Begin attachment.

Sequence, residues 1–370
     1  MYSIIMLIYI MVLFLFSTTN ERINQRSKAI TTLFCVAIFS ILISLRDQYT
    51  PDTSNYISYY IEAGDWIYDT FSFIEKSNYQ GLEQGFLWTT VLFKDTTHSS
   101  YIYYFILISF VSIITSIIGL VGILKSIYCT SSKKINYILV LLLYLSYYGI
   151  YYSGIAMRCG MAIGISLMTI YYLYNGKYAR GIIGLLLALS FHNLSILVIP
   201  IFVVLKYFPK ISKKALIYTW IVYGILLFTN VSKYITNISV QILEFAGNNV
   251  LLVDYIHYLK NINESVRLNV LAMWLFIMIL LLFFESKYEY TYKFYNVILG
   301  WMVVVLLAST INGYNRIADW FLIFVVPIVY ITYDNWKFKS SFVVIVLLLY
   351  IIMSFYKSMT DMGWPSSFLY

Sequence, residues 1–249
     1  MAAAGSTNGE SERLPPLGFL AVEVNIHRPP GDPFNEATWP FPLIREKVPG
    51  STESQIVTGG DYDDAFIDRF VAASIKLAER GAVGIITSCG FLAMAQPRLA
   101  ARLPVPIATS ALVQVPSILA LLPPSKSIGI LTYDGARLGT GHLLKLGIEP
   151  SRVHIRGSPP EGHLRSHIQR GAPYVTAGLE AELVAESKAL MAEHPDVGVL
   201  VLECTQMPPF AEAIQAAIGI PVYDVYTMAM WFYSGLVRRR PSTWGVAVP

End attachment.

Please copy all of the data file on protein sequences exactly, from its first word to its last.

Sequence, residues 1–370
     1  MYSIIMLIYI MVLFLFSTTN ERINQRSKAI TTLFCVAIFS ILISLRDQYT
    51  PDTSNYISYY IEAGDWIYDT FSFIEKSNYQ GLEQGFLWTT VLFKDTTHSS
   101  YIYYFILISF VSIITSIIGL VGILKSIYCT SSKKINYILV LLLYLSYYGI
   151  YYSGIAMRCG MAIGISLMTI YYLYNGKYAR GIIGLLLALS FHNLSILVIP
   201  IFVVLKYFPK ISKKALIYTW IVYGILLFTN VSKYITNISV QILEFAGNNV
   251  LLVDYIHYLK NINESVRLNV LAMWLFIMIL LLFFESKYEY TYKFYNVILG
   301  WMVVVLLAST INGYNRIADW FLIFVVPIVY ITYDNWKFKS SFVVIVLLLY
   351  IIMSFYKSMT DMGWPSSFLY

Sequence, residues 1–249
     1  MAAAGSTNGE SERLPPLGFL AVEVNIHRPP GDPFNEATWP FPLIREKVPG
    51  STESQIVTGG DYDDAFIDRF VAASIKLAER GAVGIITSCG FLAMAQPRLA
   101  ARLPVPIATS ALVQVPSILA LLPPSKSIGI LTYDGARLGT GHLLKLGIEP
   151  SRVHIRGSPP EGHLRSHIQR GAPYVTAGLE AELVAESKAL MAEHPDVGVL
   201  VLECTQMPPF AEAIQAAIGI PVYDVYTMAM WFYSGLVRRR PSTWGVAVP